One of Justin Trudeau’s big campaign promises was to dial back the annual TFSA contribution limit from $10,000 to $5,500 in a nod to middle-class voters. It played well with the media but advisors of all political stripes were seriously annoyed by the Liberal leader’s rhetoric because the move actually does the opposite.
Glen Rankin, a Nova Scotia advisor with Assante Financial Management, believes the 45% reduction in the annual contribution limit definitely hits at the middle class; here’s why.
“If I’m a senior I’m retired and I’m relying on government benefits, maybe I even qualify for a guaranteed income supplement; or I might have had an inheritance from my parents; or I might have just been very frugal and saved a lot of money. A lot of the people I’m seeing are moving money from existing non-registered into TFSAs,” said Rankin. “It’s not all new money for rich people It’s middle-income people, many of them seniors, that are moving money from their left hand to their right hand to make it more tax efficient.”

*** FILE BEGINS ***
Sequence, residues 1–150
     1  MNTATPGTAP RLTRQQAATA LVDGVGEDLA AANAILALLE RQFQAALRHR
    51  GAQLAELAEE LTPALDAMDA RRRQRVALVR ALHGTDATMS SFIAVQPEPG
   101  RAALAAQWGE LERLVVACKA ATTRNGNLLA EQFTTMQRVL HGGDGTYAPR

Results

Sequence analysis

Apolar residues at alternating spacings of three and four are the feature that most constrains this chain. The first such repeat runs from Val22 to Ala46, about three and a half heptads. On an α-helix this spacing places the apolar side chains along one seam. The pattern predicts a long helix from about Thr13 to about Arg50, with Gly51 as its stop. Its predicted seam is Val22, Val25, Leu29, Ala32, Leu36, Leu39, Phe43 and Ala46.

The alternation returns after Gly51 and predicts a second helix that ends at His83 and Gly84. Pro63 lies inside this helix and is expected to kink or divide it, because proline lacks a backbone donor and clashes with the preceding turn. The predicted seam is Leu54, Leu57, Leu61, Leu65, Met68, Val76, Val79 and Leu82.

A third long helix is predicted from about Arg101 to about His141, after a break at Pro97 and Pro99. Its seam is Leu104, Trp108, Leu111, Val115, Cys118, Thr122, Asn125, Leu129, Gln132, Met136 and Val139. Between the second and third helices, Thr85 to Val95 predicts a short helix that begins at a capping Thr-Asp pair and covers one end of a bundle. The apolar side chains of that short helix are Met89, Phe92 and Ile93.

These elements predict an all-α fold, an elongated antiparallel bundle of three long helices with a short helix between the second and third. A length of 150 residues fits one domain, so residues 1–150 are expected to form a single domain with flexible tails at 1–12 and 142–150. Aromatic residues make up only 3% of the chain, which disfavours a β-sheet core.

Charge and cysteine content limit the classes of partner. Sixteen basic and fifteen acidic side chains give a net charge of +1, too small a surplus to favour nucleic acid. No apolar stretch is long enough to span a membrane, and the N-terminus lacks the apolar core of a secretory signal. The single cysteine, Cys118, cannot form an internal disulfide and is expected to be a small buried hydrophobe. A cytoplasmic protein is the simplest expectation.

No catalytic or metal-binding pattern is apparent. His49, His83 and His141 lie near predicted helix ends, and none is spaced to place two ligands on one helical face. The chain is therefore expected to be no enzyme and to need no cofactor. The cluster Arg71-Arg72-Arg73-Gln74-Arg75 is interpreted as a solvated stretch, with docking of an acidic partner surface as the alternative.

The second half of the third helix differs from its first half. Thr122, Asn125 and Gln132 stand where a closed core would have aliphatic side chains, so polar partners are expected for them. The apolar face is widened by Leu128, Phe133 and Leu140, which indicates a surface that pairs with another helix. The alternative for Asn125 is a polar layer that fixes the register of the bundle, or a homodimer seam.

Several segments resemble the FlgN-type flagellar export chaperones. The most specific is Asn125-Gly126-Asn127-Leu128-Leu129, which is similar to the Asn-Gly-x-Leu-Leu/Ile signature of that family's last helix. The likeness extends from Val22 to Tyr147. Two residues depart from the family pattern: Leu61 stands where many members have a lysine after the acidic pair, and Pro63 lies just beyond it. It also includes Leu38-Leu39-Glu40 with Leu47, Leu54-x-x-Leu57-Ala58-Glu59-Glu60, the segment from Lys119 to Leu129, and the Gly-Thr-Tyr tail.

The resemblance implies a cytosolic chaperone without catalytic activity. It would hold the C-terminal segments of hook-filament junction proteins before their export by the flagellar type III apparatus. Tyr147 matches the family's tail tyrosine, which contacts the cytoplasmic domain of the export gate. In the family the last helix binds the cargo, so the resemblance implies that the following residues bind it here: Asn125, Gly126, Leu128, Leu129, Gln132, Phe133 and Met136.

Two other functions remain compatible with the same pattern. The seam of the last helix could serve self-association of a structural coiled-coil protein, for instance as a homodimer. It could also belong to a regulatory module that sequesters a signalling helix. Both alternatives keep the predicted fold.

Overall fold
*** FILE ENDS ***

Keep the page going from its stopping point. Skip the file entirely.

A second problem is more general in nature and less to do with a specific income bracket. Rankin believes there’s a long-term effect with rolling back the TFSA limits.
‘This is partly a political conversation and partly a logical one,” Rankin told WP. “I did some loose math on the proposed change to the TFSA limits from $10,000 to $5,500. Based on the last 15 years of CPI and based on the way the formula used to work, it’s going to be the year 2047 before we get back to $10,000. So, you’re talking about 32 years to get back to where it was.”
In this advisor’s opinion the argument about the TFSA being a savings vehicle only for the rich is a big red herring.
“If I’m a multi-millionaire do you think $41,000 in the TFSA makes any difference to me?” said Rankin. “It’s not hitting the right people. The changes to TFSA limits are going to marginally hurt middle-class people more than it’s going to hurt the wealthy.”